On Browsing through the Books on Margaret Atwood’s Shelf
I first posted this article on one of my older blogs exactly 2-1/2 years ago, on September 23, 2014. I wrote it after disappointment with where my poetry was going, but at the point where I saw some light at the end of the tunnel. I didn't know what was coming next.
When I decided to start a blog on this new website, I re-read my old article. It was amazing to be able to see again through those eyes, and I thought re-printing the essay here would be a perfect signpost for new beginnings.
For you I wish that these poems were rubies,
borne by my own caravan from Xi’an out of Shaanxi,
through Persia, along the northern Silk Road
— S. Peralta, from Twelve Stones on a Necklace
Friends, most of you who visit this blog know me as a writer of verse. I’ve spent the last few years actively working with poets’ communities, writing columns on structure and form and metaphor, publishing poetry books both in print and as e-books, with some small success. It’s been an amazing part of my life, due in no small part to the readers, like you, who found something to like in my work.
Last year, I found myself in a bookstore, admiring the poetry of Margaret Atwood. She has, at last count, around twenty volumes of poems.
From the shelf I pulled out The Journals of Susanna Moodie and leafed through pages of indescribable beauty, pain, insight. Every poem was a poem I wish I’d written.
And yet, of Atwood’s array of volumes on the shelf, all iconic titles – The Edible Woman, The Journals of Susanna Moodie, Surfacing, Life Before Man, The Handmaid’s Tale, Cat’s Eye, The Robber Bride, Alias Grace, The Blind Assassin, Oryx and Crake, The Year of the Flood, MaddAddam – none were poetry, save one.
Or are they? Atwood’s prose reads beautifully, almost as if it was poetry.
Reading the works of other authors, works like Never Let Me Go by Kazuo Ishiguro, Sandman by Neil Gaiman, I have come to believe that poetry can be found everywhere, even in the novel.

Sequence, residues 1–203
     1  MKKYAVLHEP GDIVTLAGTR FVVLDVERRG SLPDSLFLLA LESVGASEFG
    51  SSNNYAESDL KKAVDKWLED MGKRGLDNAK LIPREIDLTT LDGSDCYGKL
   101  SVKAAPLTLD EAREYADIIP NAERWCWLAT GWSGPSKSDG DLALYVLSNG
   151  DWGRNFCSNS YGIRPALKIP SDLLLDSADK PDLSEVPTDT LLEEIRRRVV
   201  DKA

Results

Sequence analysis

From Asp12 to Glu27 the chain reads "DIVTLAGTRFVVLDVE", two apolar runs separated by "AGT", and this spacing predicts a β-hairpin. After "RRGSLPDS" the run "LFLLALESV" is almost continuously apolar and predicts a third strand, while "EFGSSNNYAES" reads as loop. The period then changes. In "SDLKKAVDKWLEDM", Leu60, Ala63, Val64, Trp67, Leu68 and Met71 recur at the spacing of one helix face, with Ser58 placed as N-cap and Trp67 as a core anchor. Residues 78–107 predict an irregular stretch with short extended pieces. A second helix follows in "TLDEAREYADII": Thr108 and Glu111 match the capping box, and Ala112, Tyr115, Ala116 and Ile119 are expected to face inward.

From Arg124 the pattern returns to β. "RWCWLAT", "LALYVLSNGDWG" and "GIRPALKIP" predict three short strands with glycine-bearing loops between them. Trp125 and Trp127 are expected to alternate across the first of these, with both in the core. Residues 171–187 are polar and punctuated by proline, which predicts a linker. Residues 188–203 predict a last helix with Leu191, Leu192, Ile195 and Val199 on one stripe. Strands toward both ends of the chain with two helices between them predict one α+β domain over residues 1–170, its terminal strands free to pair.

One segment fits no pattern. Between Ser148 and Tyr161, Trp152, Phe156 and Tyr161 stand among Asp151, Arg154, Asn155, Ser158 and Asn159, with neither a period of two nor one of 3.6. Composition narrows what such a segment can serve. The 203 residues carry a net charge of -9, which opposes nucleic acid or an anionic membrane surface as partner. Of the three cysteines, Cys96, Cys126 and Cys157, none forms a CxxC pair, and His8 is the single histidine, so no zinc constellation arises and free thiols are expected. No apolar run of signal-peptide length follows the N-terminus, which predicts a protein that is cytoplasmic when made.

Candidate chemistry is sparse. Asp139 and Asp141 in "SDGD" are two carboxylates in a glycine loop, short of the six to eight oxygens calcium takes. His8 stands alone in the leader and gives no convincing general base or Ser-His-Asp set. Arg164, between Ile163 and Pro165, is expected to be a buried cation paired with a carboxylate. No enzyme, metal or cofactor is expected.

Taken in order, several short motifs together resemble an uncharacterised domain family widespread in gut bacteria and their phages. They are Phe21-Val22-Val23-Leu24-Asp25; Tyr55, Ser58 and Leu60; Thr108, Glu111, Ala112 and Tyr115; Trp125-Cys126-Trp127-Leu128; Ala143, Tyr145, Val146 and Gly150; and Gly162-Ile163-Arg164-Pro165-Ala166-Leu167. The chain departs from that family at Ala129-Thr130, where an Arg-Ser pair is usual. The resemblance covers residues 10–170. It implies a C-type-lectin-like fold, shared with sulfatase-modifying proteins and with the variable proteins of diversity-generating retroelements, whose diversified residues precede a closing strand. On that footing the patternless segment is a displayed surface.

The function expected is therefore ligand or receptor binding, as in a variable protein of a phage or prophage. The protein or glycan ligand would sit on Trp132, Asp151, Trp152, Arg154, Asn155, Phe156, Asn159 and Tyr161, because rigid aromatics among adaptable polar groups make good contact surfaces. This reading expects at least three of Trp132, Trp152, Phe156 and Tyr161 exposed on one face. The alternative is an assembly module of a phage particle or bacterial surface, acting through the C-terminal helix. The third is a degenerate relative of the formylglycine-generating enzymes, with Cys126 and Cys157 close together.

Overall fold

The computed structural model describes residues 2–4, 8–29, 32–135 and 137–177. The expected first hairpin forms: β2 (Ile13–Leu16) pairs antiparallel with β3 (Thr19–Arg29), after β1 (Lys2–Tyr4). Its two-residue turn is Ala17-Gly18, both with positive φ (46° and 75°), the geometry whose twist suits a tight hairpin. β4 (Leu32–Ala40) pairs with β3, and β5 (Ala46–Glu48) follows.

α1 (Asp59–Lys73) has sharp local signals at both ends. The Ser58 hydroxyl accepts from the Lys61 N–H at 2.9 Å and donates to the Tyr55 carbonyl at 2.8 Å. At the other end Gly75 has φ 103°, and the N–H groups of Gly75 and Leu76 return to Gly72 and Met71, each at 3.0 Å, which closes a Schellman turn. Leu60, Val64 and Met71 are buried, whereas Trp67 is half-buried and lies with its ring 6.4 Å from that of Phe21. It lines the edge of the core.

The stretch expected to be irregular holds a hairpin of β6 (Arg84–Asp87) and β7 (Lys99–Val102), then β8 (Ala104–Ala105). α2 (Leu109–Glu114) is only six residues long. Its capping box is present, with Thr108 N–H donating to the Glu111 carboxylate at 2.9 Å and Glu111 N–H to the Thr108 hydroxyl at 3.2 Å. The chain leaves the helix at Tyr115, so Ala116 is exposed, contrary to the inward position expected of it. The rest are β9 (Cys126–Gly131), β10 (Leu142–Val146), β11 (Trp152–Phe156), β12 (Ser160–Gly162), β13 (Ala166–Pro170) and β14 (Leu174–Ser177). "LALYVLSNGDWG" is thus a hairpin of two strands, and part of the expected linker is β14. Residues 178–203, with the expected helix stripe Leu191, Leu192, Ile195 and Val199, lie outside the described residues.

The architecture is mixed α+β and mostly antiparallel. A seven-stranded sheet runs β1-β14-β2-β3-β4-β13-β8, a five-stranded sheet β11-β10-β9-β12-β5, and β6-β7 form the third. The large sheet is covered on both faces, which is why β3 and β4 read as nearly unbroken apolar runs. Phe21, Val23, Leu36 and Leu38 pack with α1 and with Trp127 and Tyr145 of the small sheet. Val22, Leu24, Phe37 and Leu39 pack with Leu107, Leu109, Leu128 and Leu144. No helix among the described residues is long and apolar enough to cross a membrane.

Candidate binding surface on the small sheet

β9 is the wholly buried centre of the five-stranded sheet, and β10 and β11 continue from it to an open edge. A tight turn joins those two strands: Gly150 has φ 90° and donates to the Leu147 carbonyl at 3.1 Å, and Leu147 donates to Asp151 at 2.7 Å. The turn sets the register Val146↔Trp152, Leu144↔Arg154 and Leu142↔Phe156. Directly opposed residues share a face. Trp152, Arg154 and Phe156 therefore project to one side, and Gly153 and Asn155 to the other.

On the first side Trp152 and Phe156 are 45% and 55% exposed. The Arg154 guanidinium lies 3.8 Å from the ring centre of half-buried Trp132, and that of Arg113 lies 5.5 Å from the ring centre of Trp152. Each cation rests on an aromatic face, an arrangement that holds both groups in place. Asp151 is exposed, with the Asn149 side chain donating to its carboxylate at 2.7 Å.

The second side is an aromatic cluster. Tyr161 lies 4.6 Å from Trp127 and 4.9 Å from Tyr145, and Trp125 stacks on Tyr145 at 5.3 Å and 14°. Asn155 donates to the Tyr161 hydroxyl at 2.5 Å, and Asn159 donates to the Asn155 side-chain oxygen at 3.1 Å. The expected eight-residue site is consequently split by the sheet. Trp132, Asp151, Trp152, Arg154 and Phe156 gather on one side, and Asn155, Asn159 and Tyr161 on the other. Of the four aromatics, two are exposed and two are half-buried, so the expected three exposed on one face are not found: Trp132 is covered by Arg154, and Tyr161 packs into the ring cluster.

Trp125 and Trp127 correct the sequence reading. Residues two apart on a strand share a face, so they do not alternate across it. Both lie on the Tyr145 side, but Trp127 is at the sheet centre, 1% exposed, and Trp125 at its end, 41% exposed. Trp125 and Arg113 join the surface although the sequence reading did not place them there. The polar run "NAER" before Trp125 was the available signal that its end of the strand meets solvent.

Telepathy is like radio. When you first tune in, you’re flooded with static, ambient noise, the almost-too-strong blare of someone else’s song. Knowing roughly where you want to be – the music you’re looking for – you ignore the static, turn the dial to scan for that frequency that will bring you the swell of strings… Slowly, you push into the envelope of the target’s thoughts. Perhaps you go a little too far, and the signal drops, enough that you know you’re vectored away. You reset triangulation, back up just a touch, and you’re there. Mozart.
— S. Peralta, from Trauma Room
That extract is from Trauma Room, a short story set in the world of a novel that’s been simmering in my mind for the last little while. It’s a novel of speculative fiction about a telepath – a man able to breach the labyrinth of the human mind – called Labyrinth Man.
Folks, as with you all, I juggle a day job, and family, and my writing life… and many other things as well.
I sit on corporate boards, write songs for bands, and lately I’ve paid forward what small success I’ve had in poetry by investing in over 50 independent films, including as associate and executive producer of several films, one of which just premiered in London.
Some of you will know that I’ve tried to write novels – some in verse – but over the years, I’ve failed again and again.
I admit to watching in envy as some of my friends completed their novels, and I struggled. (I still bought their books, though, and some were excellent.)
Last year, in that bookstore, I looked at that shelf, at Atwood’s array of celebrated novels, her neglected poetry volumes, and despaired. Until now.
Somehow the world of Labyrinth Man has taken a life of its own, a life that encompasses both prose and poetry. And I have to embrace it…
Come with me on this journey – the best is yet to come.